Create a Customer Survey to Generate Results You Can UseWhy giving your customers the chance to compliment or complain may be the secret to growing your small business and creating loyal customers.
With more than 20 years experience advising the world’s most iconic brands, New York Times best-selling author Jay Baer knows the value of surveying customers.
“Only 5 percent of unhappy customers ever complain in a form or fashion where the business can find it. Surveys help surface issues with the business that might otherwise go undiscovered, silently causing customers to defect and not return,” said Baer, author of 5 books including, “Hug Your Haters: How to Embrace Complaints and Keep Your Customers,” and founder and president, Convince & Convert, digital marketing advisors.
Before you write your first survey questions Baer suggested small business owners think about how all their customers, not just the happy ones, can provide feedback.
In addition to trying to reach every customer, it’s important to know the point of the survey. What you are trying to determine? Are you trying to discover how happy a customer is with a purchase or how positive his or her experience was inside your store?
He advised small business owners to ask for open-ended feedback, not just 1-10 scores and to be sure their surveys are very easy for customers to complete.
“As a small business owner, be sure you are prepared to read, interpret and act upon the feedback and make sure your customers know that the business is actually listening and incorporating their feedback,” Baer said.
How to write effective questions
Once you’ve decided what, specifically, you need to know from your customers it’s time to write the questions. According to Baer, the key to good question writing is to make sure you leave plenty of opportunities for guided, open-ended feedback.
“Sometimes, customers won’t be able to provide a paragraph of useful feedback unless you give them a little help early in the survey to open them up. For instance, a terrific question to ask early is: ‘What three words best describe your experience?’,” Baer said.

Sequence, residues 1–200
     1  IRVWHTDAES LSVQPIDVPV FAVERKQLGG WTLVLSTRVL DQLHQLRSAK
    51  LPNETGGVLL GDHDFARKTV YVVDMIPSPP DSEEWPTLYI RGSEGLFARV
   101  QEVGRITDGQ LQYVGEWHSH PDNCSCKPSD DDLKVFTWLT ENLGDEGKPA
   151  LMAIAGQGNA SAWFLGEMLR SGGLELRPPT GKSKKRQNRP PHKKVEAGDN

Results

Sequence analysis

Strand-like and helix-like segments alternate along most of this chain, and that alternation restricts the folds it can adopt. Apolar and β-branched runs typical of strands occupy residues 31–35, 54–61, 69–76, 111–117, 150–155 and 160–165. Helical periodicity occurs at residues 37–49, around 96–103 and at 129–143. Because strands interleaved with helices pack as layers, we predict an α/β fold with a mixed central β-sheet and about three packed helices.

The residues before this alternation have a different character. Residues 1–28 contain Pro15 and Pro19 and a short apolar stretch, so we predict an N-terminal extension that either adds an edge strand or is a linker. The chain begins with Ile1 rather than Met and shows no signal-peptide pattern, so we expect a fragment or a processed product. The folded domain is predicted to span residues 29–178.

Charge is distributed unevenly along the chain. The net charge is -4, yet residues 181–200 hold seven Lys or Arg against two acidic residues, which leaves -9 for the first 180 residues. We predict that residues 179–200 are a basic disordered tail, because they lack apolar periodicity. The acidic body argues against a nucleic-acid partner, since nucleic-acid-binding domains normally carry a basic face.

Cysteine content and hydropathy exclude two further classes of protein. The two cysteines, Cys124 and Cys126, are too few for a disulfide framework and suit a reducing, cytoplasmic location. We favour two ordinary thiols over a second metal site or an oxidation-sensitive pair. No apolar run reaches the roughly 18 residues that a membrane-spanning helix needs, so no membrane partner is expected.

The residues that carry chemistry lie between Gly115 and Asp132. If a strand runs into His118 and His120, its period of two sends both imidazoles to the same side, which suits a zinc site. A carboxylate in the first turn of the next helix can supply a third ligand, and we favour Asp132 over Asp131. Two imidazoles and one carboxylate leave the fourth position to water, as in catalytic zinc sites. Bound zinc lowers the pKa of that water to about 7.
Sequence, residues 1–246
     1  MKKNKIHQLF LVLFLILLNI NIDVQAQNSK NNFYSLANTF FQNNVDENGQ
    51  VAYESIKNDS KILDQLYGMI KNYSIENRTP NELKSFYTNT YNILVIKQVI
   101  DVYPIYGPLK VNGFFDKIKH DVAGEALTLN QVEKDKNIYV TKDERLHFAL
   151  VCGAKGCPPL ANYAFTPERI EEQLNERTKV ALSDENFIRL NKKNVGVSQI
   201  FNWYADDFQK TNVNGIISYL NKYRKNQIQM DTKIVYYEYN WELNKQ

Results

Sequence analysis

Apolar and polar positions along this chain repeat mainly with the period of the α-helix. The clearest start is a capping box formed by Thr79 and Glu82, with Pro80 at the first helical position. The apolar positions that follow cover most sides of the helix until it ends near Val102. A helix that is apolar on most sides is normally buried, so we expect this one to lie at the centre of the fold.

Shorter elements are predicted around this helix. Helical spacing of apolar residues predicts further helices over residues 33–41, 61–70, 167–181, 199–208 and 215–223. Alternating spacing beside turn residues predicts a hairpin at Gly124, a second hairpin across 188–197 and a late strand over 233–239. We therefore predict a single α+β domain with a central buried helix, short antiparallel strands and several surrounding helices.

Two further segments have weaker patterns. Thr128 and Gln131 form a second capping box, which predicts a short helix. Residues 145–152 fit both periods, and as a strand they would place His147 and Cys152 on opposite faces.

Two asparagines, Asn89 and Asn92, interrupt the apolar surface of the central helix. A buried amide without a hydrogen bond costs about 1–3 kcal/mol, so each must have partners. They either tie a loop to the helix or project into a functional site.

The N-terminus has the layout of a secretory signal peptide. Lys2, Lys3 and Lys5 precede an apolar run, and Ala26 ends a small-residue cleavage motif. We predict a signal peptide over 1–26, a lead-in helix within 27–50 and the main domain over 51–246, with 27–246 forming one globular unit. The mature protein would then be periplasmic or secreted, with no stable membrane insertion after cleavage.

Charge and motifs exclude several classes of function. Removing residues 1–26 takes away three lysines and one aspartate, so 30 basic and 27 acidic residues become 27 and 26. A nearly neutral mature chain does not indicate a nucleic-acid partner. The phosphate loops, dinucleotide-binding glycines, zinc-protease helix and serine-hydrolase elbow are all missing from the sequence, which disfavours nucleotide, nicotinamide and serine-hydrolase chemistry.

Christopher Hawkins, managing consultant at Cogeian Systems, a web design and custom software engineering firm, helps clients implement customer surveys, he knows first hand the power of a well-written survey. Hawkins offers these tips for creating effective survey questions:
Be specific – Don’t ask two questions in one; each question should be worded so that the answer addresses one issue.
Be assumptionless – Don’t assume customers understands industry jargon or that they have any specialized knowledge. Including either in your question may reduce your answer rate.
Force a choice – If your question asks for a rating, use an even-numbered scale so that there’s no “middle” or “neutral” choice. Require your respondent to “pick a side.”
Keep it simple – Questions are best kept concise and clear. Overly-wordy or complex questions may prompt your customers to not respond.
Simple tools to help you create effective surveys
Simple, accessible and often free online tools make it easy for small business owners to create effective customer surveys. These sites offer both free and paid options for creating customer surveys and allow you to distribute to your surveys via email, social media and mobile platforms.
Here are the most recommended survey programs for small businesses:
Survey Monkey – One of the most widely used tools for creating free online surveys, they offer both free and paid survey services.
Feedbackly – Baer’s top pick, Feedbackly is easy to use, offers options for creating customer surveys and provides other services to help measure several areas of your business.